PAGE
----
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Thesis presents raw, compelling view from inside the child welfare system

Alumna Daniela Navia earns prestigious award for innovative thesis using art and storytelling to amplify the voices of Indigenous youth
May 19, 2017
Daniela Navia, double University of Calgary alumna, recently won the Western Association of Graduate Schools Distinguished Thesis award for her work: Uncovering Colonial Legacies: Voices of Indigenous Youth in Child Welfare (dis)Placements. Photo by Daena Crosby

Daniela Navia, double University of Calgary alumna, recently won the Western Association of Graduate Schools Distinguished Thesis award for her work: Uncovering Colonial Legacies: Voices of Indigenous Youth in Child Welfare (dis)Placements. Photo by Daena Crosby

Tia Ledesma, youth collaborator, at Uncovering Colonial Legacies art exhibition opening at the artBOX Gallery. Photo by Deloria Many Grey Horses

Tia Ledesma, youth collaborator, at Uncovering Colonial Legacies art exhibition opening at the artBOX Gallery. Photo by Deloria Many Grey Horses

Four Directions by Tyler Blackface, youth collaborator. This is what he wrote to explain the work: "This one represents my feelings while growing up in care. The red, black and yellow are colours from the medicine wheel. The white is supposed to represent a cage and how I felt that I couldn’t be who I truly am while growing up “white.” The gold is to represent the illusion of life being 'golden' when I was facing numerous problems that I couldn’t deal with at that time."

Four Directions by Tyler Blackface, youth collaborator. This is what he wrote to explain the work: "This one represents my feelings while growing up in care. The red, black and yellow are colours from the medicine wheel. The white is supposed to represent a cage and how I felt that I couldn’t be who I truly am while growing up 'white.' The gold is to represent the illusion of life being 'golden' when I was facing numerous problems that I couldn’t deal with at that time."

Daniela Navia’s master’s thesis is punctuated with raw and compelling first-hand reflections of Indigenous youth who have spent time in the child welfare system.

That perspective — looking at the impact of the system through the experiences of youth — was critically important to Navia, whose innovative anthropology research has earned widespread recognition including, most recently, the Western Association of Graduate Schools/ProQuest Distinguished Master’s Thesis Award.

“When you actually talk to people who come from marginalized experiences, it sheds light on the institution,” says Navia, BHSc’11, MA’15. “I wanted to promote understanding things from their point of view.”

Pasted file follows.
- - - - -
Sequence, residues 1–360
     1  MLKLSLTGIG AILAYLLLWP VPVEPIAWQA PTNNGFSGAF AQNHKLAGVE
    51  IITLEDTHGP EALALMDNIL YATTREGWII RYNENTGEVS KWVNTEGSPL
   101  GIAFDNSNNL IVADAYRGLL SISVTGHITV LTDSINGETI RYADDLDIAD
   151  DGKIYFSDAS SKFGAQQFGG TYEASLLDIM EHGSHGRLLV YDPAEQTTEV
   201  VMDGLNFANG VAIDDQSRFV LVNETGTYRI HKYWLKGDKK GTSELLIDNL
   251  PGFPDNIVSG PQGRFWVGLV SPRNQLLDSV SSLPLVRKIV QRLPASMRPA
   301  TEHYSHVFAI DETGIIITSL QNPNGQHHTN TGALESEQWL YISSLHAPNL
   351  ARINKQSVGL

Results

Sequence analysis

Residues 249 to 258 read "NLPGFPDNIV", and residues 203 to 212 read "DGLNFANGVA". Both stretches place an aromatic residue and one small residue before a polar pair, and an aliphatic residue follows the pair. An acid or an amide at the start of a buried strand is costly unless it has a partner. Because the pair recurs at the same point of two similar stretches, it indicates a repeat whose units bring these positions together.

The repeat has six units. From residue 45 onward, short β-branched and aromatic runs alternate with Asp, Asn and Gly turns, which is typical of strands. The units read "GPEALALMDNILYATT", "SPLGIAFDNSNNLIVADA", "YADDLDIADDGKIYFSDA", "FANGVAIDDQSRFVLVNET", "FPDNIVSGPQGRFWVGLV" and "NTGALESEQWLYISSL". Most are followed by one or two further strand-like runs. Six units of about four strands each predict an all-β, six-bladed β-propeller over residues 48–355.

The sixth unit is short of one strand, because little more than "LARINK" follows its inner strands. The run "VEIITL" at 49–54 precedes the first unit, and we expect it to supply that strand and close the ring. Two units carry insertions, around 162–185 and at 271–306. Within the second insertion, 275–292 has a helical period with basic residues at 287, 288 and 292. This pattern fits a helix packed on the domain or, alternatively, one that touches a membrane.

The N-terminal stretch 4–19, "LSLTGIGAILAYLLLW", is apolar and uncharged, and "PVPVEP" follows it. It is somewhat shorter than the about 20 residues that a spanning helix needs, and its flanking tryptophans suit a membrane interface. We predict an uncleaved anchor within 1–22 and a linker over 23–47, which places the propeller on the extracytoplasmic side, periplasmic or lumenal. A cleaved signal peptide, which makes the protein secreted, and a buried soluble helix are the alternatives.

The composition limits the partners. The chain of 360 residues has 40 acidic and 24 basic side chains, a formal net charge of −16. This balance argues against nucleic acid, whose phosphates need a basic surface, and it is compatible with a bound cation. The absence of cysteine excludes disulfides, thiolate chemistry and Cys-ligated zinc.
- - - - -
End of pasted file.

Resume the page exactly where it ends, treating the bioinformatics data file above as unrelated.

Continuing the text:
Being a sociocultural anthropologist allowed Navia the freedom to conduct her ethnographic research within a community context. “Discussing how child welfare fits into the larger context of colonial structures opened a lot of doors for me; youth were willing to talk about what was really going on, and reflected on how their personal histories fit into a bigger picture.”

That historical context is central in Navia’s thesis, titled, Uncovering Colonial Legacies: Voices of Indigenous Youth in Child Welfare (dis)Placements. The legacy of residential schools may now be more widely recognized but, Navia says, “What we don’t acknowledge is we are making the same mistakes today.”

Three times as many Indigenous children in care now as at height of residential schools

As an example of the harm coming not just as a result of history, but of history actually repeating itself, Navia points to the number of Indigenous children in care today in Canada. At close to 30,000 nationally, it is triple the number of children housed at the peak of Canada’s residential schools in 1965. Although only one in 10 children in Alberta is of Aboriginal heritage, they make up 69 per cent of those in the child welfare system.

Navia worked in partnership with the Urban Society for Aboriginal Youth (USAY) and 20 youth collaborators. Other youth-serving agencies in Calgary also assisted, including The Alex Youth Health Centre and Exit Community Outreach. Youth were invited to share their stories over several months through one-on-one interviews, painting, dance, beadwork and sculptures.

Storytelling and art make effective ethnographic research tools

“Visual culture has always been an important part of my life,” Navia says. She has collaborated with various marginalized groups in the past — incarcerated women, men living with HIV, and vulnerable youth — and has always incorporated an artistic component. “It’s a really crucial way to get beyond the top-down institutional stories that have come to us,” she says.

As a followup to her studies, Navia collaborated with youth in sharing their stories with public audiences, presenting across Canada and exhibiting their artwork. In 2016, the documentary (Dis)placed based on the research project premiered.

“What makes Daniela’s research stand out is her desire to make a real difference by pursuing academic work,” says her supervisor Saulesh Yessenova, associate professor in anthropology and archaeology. “She used a bold, innovative approach in a study that could have been addressed in many other more traditional ways. Times have changed, and Daniela’s is one of the careers leading that change.”

In addition to the WAGS award, Navia, who was born in Colombia, is a finalist for the RBC Top 25 Canadian Immigrant awards. She has earned the City of Calgary’s David Crowchild Memorial Award, the J.B. Hyne Research Innovation Award, the Social Sciences and Humanities Research Council of Canada Storytellers contest award (YouTube video), and the University of Calgary Chancellor’s Graduate Medal. Navia is now working for the Government of Alberta as the research consultant for the Arts sector.